Australia: Over $50 Billion in New LNG Projects Aiming for Sanction
According to research by Wood Mackenzie, a second wave of LNG investments is building, and in Australia, over $50 billion worth of LNG projects are targeting final investment decision (FID) over the next three years.
These include Pluto expansion and backfill projects such as Browse, Scarborough, Barossa, Crux and Clio-Acme. Their combined capital expenditure represent nearly half of Australia's forecast total upstream spend over the next five years.
"Traditionally a high-cost location and with a recent history of big cost blowouts, Australian operators need to have confidence that this round of projects can be delivered on time and on budget, for the next wave of project sanctions to progress," said research director Angus Rodger.
Wood Mackenzie has a positive forecast for global LNG demand, which means new supply needs to be sanctioned. An estimated 65 million tons per annum (mmtpa) of new LNG supply will be required by 2025. There is a range of pre-FID projects competing for sanction over the next 24 months from regions including North America, East Africa, Qatar, Russia and Papua New Guinea.
"This has massive implications for Australia's next wave of investments. Lower costs and more brownfield developments this time round suggest Australian projects have a good chance of progressing and of avoiding the mistakes of the last decade," said Rodger. "But this cannot be taken for granted. Many of these projects carry a multitude of joint-venture, environmental, engineering and sub-surface challenges."
Australia is not unique in experiencing issues with LNG execution. Globally, the whole industry has a long history of poor project delivery. According to Wood Mackenzie, less than 10 percent of global LNG projects have been completed under budget and 60 percent experienced delays to schedules. LNG cost overruns in the previous boom averaged 33 percent, with Australian projects overrunning by 40 percent.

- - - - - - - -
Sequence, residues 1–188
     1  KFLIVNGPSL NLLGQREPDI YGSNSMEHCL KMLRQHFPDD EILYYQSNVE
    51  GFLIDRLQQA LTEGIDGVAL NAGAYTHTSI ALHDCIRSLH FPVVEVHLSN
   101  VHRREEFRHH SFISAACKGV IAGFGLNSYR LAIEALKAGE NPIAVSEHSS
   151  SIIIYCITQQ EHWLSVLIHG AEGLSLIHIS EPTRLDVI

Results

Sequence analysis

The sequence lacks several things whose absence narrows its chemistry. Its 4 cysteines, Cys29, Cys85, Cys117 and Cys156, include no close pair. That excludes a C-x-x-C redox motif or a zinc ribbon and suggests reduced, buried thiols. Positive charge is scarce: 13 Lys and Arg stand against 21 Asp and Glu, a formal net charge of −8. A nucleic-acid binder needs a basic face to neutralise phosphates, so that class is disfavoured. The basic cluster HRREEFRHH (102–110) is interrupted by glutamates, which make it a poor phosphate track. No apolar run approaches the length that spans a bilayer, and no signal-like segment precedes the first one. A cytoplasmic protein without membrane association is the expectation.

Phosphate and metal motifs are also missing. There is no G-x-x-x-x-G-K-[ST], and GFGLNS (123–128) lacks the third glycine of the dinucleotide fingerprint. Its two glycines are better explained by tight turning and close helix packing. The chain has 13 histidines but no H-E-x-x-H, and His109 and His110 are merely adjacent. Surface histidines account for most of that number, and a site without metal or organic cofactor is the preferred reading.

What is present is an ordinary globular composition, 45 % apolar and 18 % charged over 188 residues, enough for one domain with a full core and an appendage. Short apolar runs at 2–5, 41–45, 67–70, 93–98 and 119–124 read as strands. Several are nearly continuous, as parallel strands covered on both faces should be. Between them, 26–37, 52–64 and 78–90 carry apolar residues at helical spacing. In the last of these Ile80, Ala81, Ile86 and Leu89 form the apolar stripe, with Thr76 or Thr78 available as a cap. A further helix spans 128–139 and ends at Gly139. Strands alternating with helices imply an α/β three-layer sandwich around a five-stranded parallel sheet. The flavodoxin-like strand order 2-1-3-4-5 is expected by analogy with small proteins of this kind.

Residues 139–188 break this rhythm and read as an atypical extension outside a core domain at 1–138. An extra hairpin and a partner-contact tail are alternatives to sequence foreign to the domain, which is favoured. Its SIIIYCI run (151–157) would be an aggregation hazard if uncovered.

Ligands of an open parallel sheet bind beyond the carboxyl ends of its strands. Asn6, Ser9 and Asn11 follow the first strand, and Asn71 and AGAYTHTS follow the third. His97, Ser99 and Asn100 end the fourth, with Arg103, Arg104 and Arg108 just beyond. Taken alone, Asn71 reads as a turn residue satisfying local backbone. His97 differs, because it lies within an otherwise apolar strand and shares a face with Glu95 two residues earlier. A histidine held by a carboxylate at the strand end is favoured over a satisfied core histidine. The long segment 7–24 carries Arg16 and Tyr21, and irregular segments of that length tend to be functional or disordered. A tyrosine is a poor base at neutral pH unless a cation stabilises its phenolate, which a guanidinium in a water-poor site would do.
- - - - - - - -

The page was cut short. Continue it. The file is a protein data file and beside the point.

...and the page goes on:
"What the last cycle highlighted, particularly in Australia, is that highly complex projects in high-cost locations can produce some serious cost and schedule blowouts," said Rodger. "The inflationary pressure of multiple projects competing for scarce local resources was evident, but seems less likely to be an issue this time round given the reduced scale of investments."
However, there is a global LNG boom on the cards, with almost 90 mmtpa of LNG expected to take FID over the next two years. CAPEX could hit over $200 billion from 2019 through to 2025.
Rodger says the industry is poised for better cost and schedule delivery because:
1. The global spread means that local inflationary pressure, such as on manpower, which hit Australia and the U.S. in the previous cycle, will be less.
2. Developers are being more cautious in their approach to construction, with more modularization and CAPEX phasing.
3. Steel prices globally are expected to ease from recent highs in 2018.
4. Bidding will be more competitive from new and existing contractors looking to secure work after the recent downturn.
5. The wider upstream industry is not in the midst of a $100/bbl-fuelled spending boom, as with the last cycle, which will limit overall upstream inflation.